If you look at the chart above, we can see two critical pieces of information. First, there is now content at 1 kHz that wasn’t present in the original audio signal. This 1 kHz tone is the difference between 20 kHz and 19 kHz. Second, there is now information at 1 kHz spaces on either side of the 19 and 20 kHz tones. These are examples of unwanted intermodulation distortion. The horizontal red line across the bottom of the graph is the background noise added by the amplifier. Usually, this noise is random in amplitude fuzzy, but drawing it that way complicates the chart.
This new chart shows us just how much unwanted information can be added when a low-quality amplifier plays the ITU-R IMD test. The 1 kHz tone is now audible at -38 dB, as is the side-band information at 18, 17, 16, 15, 14, 13, 12, 21, 22, 23, 24, 25, 26 kHz and so on. What a mess, right?
Keep in mind that our test shows just two frequencies. As the sound of instruments is made up of bands of frequencies, we’d have a blur that filled in the graph with noise at levels around -40 dB.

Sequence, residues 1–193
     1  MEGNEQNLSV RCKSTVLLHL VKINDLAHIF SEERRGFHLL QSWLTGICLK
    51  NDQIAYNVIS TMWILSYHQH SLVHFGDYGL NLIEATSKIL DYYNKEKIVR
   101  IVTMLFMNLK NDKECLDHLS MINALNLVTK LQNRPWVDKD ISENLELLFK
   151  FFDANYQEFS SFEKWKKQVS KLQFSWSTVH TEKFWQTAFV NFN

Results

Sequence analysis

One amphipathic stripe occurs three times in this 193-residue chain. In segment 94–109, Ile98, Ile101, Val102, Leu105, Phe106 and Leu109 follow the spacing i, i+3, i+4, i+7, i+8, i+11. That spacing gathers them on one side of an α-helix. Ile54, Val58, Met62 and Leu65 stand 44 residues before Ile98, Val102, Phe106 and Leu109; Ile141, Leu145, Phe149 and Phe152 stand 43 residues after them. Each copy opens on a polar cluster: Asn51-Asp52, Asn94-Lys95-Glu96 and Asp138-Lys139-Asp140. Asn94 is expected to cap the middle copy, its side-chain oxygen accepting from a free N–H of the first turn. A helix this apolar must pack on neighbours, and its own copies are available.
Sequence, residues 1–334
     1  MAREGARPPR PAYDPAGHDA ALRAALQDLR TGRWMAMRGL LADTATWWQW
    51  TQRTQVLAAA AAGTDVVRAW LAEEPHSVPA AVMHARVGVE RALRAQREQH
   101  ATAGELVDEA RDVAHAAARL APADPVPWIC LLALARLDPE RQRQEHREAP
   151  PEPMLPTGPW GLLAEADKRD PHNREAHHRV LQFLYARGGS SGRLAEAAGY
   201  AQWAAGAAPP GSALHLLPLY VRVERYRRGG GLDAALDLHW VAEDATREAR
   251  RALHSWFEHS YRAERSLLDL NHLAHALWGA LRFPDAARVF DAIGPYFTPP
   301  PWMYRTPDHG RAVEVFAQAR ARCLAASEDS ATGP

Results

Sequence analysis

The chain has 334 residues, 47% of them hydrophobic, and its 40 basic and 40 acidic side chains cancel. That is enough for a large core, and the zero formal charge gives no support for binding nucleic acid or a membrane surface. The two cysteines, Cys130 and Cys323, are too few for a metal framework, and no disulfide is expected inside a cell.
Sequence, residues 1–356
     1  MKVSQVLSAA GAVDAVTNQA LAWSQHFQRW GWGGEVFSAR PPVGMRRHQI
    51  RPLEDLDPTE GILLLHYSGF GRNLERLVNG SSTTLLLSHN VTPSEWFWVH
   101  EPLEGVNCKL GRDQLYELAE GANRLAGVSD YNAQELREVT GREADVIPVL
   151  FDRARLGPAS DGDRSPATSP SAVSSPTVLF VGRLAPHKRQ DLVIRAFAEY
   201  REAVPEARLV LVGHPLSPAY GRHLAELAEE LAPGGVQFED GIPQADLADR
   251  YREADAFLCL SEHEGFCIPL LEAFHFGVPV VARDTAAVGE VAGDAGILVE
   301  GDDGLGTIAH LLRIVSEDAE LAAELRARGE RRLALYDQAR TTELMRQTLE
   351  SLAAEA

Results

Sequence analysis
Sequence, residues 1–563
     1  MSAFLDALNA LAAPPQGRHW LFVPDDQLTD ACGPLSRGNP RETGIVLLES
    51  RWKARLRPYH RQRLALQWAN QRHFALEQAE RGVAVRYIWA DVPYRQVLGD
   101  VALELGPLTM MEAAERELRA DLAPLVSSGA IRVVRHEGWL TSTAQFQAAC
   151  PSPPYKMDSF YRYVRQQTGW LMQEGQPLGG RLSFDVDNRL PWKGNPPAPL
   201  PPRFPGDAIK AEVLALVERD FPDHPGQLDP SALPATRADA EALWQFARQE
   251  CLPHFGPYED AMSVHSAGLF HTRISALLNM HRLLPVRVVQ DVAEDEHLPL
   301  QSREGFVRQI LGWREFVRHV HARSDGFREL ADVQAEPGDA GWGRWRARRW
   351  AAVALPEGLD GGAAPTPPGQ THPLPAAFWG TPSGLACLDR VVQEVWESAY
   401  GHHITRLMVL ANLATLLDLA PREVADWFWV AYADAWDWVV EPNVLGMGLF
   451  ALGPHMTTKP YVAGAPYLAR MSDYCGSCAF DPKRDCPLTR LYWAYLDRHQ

Testing Speaker Intermodulation Distortion
When it comes to testing speakers, We can use the same test, but a second one is more appropriate for our discussion of IMD. This test is called the SMTPE test. In this scenario, a tone at 60 Hz and one at 7 kHz are played. Again, the intention here is to see how the low-frequency tone modulates the higher example.
Testing a Coincident Coaxial Speaker
Here’s the measured frequency response of an actual coincident coaxial speaker playing a 7 kHz test tone. We can see that the output is reasonably clean.
In a car audio application with a subwoofer, it’s unlikely that likely that we’d have a coaxial speaker that would be playing down to 60 Hz. As such, I’ve tweaked the test to show a more “real-world” example. The low-frequency modulation for this test was 105 Hz. This frequency is far enough away from an 80 Hz high-pass filter to be a practical real-world example.